Open Empathy Organizations also provide ways for employees to buy and use the company’s products and services. Netflix gives DVD players and free subscriptions to employees, who can learn firsthand how customers experience the company.
Similarly, gardening giant Smith & Hawken boasts a large garden at its company headquarters. Leaders encourage employees to plant and tend to crops, while familiarizing themselves with the company’s products. At such empathic companies, employees begin to understand how their work plays a positive role in their customers’ lives. Staffers become more attached to the results they see at work.
Employees perform at optimum levels when they know they make a difference. When they are encouraged to demonstrate care for customers, they become more engaged and energized.
In what ways could you create opportunities to demonstrate customer care in your work? If you don’t have contact with customers, then in what ways could you see yourself connecting with co-workers with enhanced empathy? I’d love to hear from you.

Repair the Trust Deficit

Even the most competent managers and leaders will suffer a trust deficit if they fail to communicate well with their people. Misguided communications are a big cause of lack of perceived trustworthiness in bosses.
And in the work I do coaching people in organizations, it doesn’t take much to fuel the flames of mistrust.
Business professors Lynn Offermann and Lisa Rosh urge leaders to do a better job of opening up to people in a June 2012 Harvard Business Review article.
“Studies indicate that senior leaders who reveal something about their lives outside the office do so without undermining their authority,” they write, while cautioning against excessively intimate disclosures.
Offermann and Rosh offer the following tips for a balanced approach to “skillful self-disclosure”:

  • Open up. During the course of your workday, squeeze in an occasional impromptu conversation with a subordinate about interests other than work, such as children’s activities, restaurants, sports, movies and the like. Share a glimpse into your personal life while taking time to listen.
  • Empathize. Offer brief, personal acknowledgments of significant events in employees’ lives, such as additions to family, marriage, family death and serious illness. Share how a similar event impacted your life without overshadowing the employee’s circumstance.
  • Remain professional. Share information that enhances the work relationship, yet doesn’t harm your reputation. Exercise discretion; avoid over sharing.

“There is considerable evidence that leaders who disclose their authentic selves to followers can build not only trust, but generate greater cooperation and teamwork as well,” the professors write.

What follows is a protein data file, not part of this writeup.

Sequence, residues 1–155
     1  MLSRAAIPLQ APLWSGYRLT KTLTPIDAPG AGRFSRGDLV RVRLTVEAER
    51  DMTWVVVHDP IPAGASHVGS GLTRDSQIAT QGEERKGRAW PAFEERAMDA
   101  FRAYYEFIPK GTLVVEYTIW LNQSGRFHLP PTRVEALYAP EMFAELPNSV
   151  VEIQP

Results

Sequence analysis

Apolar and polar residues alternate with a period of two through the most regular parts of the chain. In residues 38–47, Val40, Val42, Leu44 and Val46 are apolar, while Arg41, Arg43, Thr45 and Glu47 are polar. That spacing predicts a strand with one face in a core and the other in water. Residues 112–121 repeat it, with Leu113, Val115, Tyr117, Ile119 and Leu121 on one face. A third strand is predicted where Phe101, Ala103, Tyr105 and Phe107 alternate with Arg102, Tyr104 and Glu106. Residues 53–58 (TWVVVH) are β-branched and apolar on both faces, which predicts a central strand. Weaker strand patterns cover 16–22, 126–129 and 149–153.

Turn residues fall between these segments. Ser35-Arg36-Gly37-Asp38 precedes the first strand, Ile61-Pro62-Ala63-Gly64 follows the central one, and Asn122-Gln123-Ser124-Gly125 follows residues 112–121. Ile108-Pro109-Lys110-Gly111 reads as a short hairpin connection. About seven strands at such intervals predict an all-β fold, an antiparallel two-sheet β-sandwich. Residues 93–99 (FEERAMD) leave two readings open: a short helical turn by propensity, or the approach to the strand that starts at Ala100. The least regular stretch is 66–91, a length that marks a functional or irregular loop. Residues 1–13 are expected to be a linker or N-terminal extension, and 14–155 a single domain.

And this makes sense. If all a leader does is communicate corporate information in one direction to staff, there’s not much of a relationship established. What’s that saying about people not caring what you say unless you show you care?
Communications are always a two way street, even if only one person is doing all the talking. Your non-verbal expressions matter, and so does your ability to open up, empathize and act like a real human being.
What do you think? Can your leaders do a better job of sharing their human side? Or are they worried about their professional masks?

Connecting Through Empathy

Have you ever wondered why some people seem naturally quite good at sales and communications, while others struggle? It has a lot to do with the way our brains are wired.
We innately connect with others, both emotionally and physiologically, without even trying. It’s basic human nature. Yet some people are more predisposed to it than others. Empathy allows us to understand others’ feelings, thoughts and experiences.
The ability to empathize is wired into almost all human brains, and it’s a prerequisite to understanding what drives others’ intentions and motivations.
Empathy is required for all effective social interactions. So, how does it help you create a positive sales experience?
Empathy vs Ego
The intrinsic need to persuade and convince someone else – along with the resilience of ego to take the battering of rejection – has long been established as a cornerstone trait of successful salespeople. A powerful ego comes up as a strong driver of what it takes to make it in sales.
Yet ego alone is also what is failing people in sales. To get from where you are today to where you need to be in the future, you’ll need to develop a conscious maintenance of empathy.
The right balance of ego and empathy facilitates communication and boosts sales effectiveness.
The Empathy Deficit
Sometimes I wonder if we’re putting less emphasis on empathy in favor of more attention to winning. In the work I do coaching, I rarely get requests from people who want to become more empathetic. It’s usually coaching to achieve more.
Studies show, in fact, that our sense of empathy is eroding. The Institute for Social Research at the University of Michigan has collected data for more than 30 years, and researchers have found that young adults are 40 percent less empathetic than their counterparts in 1979. The ability to empathize dropped steeply in 2000, and narcissism rates have skyrocketed.